Monday, June 2, 2014

AP and teen depression

This is an important issue and it's going to be hard to write this as we are currently going through this with one of our teenagers. There is so much information about teen depression and suicide out there it can be overwhelming. Is my teen depressed? Are they just being a normal teenager? How do I tell the difference? Is this my fault? What do I do now? And then that awful feeling that you thought you did everything right or you know you didn't and realize that at some point you have failed your child and let them down. Please remember that teenage depression can be a chemical imbalance and instead of feeling guilty or responsible (even if you are) the most important thing you can do is GET HELP for your teen.If you think they are suicidal call immediately The people that answer the hotlines are trained and very helpful in a crisis situation.

Teens and preteens can be very moody and emotional by nature. They can be hostile, angry, selfish, sweet, loving, helpful all in the same 10 minutes. Especially in my experience with pre teen girls. You will wish they were still cute squishy babies or fun toddlers, there will be times you wonder where the sweet child who used to cuddle you went and who is this person screaming they hate me all the time. Some parents will be in complete denial that this can happen to their child, this was me. I took for granted that my teenager was a happy, well adjusted, honor roll student who had always rolled with the punches life threw at her. It wasn't until we took her in for a constant stomach ache that we figured out she was depressed. I failed to notice the sadness, weight loss and inability to enjoy simple things she used to love. And we are super close and talk about everything and have always been able to overcome anything. It helped her so much having our doctor explain what was going on in her brain and that it was a chemical issue not something she did wrong or could have prevented (I somewhat disagree with this). Our issue was too much stress and her brain not being able to keep up with all the pressure she was under from school, friends, family and just life in general. She has had several friends that have been suicidal and had one close friend that committed suicide. This person had been a mentor to her and I have no doubt that her death set in motion what would eventually cause her depression. If I could go back we would have gotten her into therapy right after that happened.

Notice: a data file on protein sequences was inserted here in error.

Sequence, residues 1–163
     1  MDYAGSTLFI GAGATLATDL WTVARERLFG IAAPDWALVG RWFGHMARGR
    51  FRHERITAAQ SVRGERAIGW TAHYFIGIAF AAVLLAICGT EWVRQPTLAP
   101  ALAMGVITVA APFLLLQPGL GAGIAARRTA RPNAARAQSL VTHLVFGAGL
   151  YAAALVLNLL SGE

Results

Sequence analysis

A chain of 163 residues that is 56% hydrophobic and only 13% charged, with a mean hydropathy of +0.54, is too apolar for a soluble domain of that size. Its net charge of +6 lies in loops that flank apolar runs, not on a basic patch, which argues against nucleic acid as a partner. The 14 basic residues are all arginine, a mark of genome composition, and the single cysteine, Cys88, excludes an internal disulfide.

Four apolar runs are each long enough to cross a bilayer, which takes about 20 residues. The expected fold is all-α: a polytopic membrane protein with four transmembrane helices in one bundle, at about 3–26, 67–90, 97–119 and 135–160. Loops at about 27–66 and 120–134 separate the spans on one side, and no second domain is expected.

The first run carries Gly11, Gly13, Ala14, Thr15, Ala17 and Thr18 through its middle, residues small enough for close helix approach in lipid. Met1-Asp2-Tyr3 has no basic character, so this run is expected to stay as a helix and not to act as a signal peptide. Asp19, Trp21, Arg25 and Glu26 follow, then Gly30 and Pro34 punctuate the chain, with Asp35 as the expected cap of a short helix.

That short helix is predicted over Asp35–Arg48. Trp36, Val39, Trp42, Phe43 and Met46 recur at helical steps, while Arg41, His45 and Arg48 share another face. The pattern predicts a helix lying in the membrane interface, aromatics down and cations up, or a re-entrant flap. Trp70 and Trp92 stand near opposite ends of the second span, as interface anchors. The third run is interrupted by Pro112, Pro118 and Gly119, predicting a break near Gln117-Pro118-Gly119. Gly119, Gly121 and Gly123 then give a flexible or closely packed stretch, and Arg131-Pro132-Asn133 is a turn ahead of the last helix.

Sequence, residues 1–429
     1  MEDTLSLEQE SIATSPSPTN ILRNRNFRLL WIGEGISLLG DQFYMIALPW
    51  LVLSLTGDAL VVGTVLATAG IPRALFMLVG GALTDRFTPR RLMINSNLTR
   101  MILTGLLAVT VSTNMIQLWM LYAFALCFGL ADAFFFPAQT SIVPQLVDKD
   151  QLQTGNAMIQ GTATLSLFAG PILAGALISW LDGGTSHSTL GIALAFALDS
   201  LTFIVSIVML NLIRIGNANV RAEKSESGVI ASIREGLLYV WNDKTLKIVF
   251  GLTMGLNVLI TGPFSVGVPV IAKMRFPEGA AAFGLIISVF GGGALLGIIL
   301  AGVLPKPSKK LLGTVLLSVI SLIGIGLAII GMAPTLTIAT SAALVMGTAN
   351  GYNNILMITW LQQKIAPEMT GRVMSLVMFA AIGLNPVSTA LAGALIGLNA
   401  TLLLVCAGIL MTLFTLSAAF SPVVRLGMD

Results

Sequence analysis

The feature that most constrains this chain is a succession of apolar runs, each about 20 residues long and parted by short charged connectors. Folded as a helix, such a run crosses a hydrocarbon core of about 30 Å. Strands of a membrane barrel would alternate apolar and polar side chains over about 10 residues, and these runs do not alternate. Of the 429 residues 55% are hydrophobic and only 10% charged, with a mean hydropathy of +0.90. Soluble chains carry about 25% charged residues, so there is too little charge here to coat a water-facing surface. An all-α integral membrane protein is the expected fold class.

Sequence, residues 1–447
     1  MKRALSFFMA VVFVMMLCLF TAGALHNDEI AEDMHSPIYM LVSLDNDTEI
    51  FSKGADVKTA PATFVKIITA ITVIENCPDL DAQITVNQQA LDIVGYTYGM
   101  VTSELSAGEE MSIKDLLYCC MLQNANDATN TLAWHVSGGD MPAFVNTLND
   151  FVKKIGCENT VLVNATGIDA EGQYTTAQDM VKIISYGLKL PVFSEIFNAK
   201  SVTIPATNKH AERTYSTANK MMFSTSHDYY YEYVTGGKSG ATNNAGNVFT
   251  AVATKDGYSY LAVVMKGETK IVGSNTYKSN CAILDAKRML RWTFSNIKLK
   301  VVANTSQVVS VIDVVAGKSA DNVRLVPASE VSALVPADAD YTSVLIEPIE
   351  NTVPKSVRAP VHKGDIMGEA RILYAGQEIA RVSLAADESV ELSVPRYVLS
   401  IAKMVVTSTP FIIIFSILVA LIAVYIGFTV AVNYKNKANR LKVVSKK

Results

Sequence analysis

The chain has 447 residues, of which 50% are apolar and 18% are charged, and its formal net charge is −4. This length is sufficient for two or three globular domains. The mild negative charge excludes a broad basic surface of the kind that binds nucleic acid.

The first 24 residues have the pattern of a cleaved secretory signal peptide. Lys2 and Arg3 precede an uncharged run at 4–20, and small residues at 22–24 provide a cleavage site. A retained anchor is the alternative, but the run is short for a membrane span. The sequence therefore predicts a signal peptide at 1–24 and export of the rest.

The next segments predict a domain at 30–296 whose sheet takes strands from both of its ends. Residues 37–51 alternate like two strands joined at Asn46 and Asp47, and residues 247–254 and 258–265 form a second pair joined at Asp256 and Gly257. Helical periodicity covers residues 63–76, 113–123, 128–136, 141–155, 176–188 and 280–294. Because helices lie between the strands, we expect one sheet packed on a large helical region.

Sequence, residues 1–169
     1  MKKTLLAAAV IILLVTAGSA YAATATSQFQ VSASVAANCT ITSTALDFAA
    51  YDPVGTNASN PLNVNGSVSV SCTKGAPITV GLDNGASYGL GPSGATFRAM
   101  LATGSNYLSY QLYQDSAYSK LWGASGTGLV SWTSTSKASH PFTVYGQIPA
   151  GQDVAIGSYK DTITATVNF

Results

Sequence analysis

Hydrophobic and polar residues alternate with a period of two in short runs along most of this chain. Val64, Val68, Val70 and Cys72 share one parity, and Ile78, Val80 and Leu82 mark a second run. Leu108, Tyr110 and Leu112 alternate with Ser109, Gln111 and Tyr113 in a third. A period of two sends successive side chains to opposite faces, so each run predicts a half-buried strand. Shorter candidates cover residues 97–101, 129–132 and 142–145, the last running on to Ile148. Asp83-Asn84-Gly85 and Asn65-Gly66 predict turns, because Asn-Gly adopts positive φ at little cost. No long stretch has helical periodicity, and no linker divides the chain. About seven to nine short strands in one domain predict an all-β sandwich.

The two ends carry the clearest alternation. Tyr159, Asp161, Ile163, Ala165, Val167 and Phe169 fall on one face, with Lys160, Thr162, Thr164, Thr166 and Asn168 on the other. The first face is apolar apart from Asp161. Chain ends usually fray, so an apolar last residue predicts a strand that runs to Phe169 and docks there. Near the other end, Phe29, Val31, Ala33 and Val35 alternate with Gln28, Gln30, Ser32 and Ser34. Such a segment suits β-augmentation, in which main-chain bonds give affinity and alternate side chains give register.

Emotions during the preteen/ teenage years are so strong and just like when they are toddlers they may not know how to handle such strong emotions/feelings. Super highs and lows are completely normal and most teenagers are able to deal with these. Then there are the teenagers who cannot handle the strong emotions and pressures of life under even the best circumstances. If your family is going through a serious life change such as divorce, new baby, death in the family, financial struggles, a big move you may want to keep a closer eye on your child for signs they are feeling overwhelmed and stressed. This is why I love attachment parenting and the bond it creates, my teen and I are close and she knows that her needs and feelings will be my biggest priority. If you have shown them they are a priority and you are willing to always be there for them (which I have failed at many times) the bond you have will hopefully help you both through this hard time. As we struggle through this daily I am learning what things I can help her and how to handle the times when she just breaks down and feels hopeless. This is the hardest for me to watch, her struggle to see there is a light at the end of the dark tunnel she's in. I've spent countless hours at night trying to figure out things I can do to just help her and the best way I've found is to keep her life as simple as possible. Basic things have become the most important things. Eating, sleeping (at appropriate times) and getting her homework done are the things we are taking one at a time. Eating has become a chore for her and this is normal for a teen who is depressed.

Keeping a food journal and helping them prepare meals and snacks can encourage healthy eating habits to continue. As with any other stressful time in life knowing they aren't at fault and encouraging positive outlets for energy should always be important. Exercise, sports, social activities should continue and be encouraged.

Getting help for your teen should be immediate and continue as long as needed. If you need help knowing what kind of help their pediatrician should be able to help with that. Whether it's therapy, counseling or a support group having an outside person to talk to can really help during this difficult time. For you as well, it's important for the parent/caregiver to have support and someone to talk to.

Here are some signs to watch for in your teen that they may be depressed. Please always seek medical advice if you are concerned that your teen is depressed.

  • Sadness or hopelessness
  • Irritability, anger, or hostility
  • Tearfulness and/or frequent crying
  • Withdrawal from friends and family
  • Loss of interest in activities
  • Changes in eating and sleeping habits
  • Restlessness and agitation
  • Feelings of worthlessness and guilt
  • Lack of enthusiasm and motivation
  • Fatigue or lack of energy
  • Difficulty concentrating
  • Thoughts of death or suicide 

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